There’s nothing quite like parasailing. Soaring high up through the air over glistening waters provides an amazing sense of wonder and freedom. And most people find it offers a unique blend of peacefulness and thrill. As with any water-based activity, though, it can pose some dangers, especially to the inexperienced. But the risks can be effectively mitigated by using a reputable parasailing business and by following some basic beginner tips for parasailing.
Arranging your parasailing adventure through an established, responsible company takes much of the pressure off you to make sure everything’s in order. The staff will know what they’re doing. But it’s always best if you know how to keep yourself safe to reduce the chances of human error or other factors leading to trouble—whether just a scare or an injury.
So, before your parasailing excursion, take a few minutes to familiarize yourself with these beginner tips for parasailing safely. Then, have a blast!
Advice for Novice Parasailors
- Find a reputable parasailing company that’s been around a while, has a solid track record for safety, and has good reviews online; use one with a brick-and-mortar location rather than a transient beachfront operation
- Some parasailing companies allow young children to participate, but many experts recommend that only kids 14 and up take part in this activity
- Weight limits are important too; 125 to 450 pounds is widely considered the safest weight range for parasailing (keep in mind that this is combined weight for multiple passengers)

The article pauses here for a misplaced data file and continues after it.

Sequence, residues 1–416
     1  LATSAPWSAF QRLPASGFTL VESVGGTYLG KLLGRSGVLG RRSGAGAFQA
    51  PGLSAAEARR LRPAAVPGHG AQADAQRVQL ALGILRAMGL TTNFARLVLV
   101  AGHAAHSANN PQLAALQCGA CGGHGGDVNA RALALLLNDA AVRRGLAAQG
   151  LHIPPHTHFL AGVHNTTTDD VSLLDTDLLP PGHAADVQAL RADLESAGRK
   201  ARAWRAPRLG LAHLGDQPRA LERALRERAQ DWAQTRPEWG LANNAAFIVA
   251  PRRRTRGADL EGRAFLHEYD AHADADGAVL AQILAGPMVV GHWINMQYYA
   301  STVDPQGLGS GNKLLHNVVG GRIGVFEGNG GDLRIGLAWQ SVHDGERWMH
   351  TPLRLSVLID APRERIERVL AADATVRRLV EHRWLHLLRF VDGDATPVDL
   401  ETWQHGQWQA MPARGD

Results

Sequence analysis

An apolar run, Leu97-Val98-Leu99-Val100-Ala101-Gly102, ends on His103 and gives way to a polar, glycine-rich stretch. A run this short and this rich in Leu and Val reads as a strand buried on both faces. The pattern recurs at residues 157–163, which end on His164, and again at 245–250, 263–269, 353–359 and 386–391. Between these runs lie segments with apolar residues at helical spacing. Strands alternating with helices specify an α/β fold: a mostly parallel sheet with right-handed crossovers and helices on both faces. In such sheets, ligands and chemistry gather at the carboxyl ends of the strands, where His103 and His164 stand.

- Pay close attention to the safety presentation given before heading out; it should include an overview of what to expect and the risks, information about the equipment, instructions on using hand signals to communicate with the boat, and detailed landing and emergency instructions
- Only go parasailing when the weather forecast is favorable—ideally meaning a dry, breezy day; rain, high winds (over 15 mps), rough waters, fog, and lightning are dangerous when parasailing
- Parasailing must be done in an area free of rock formations, docks, piers, and other obstructions
- Don’t parasail with a boat that doesn’t look well maintained, or with any parasailing equipment that looks old or worn
- Look over your harness and tow ropes carefully for fraying or other signs of damage before strapping in
- You should never have a tow line over 800 feet long
- Don’t worry—you don’t have to hold on for dear life! Your body harness holds you in, so you can let go and relax
- Wear a life jacket, no matter how strong a swimmer you are
- The boat should remain a safe distance from shore, which is at least three times the length of the tow rope (so, if the tow rope is 600 feet long, the boat should stay at least 1,800 feet from the shoreline)
- Never go parasailing under the influence of drugs or alcohol, or with a boat operator or spotter who’s under the influence
- Don’t go parasailing if you’re afraid of heights (though you probably don’t need to be told that if you are)
- Remember your sun protection!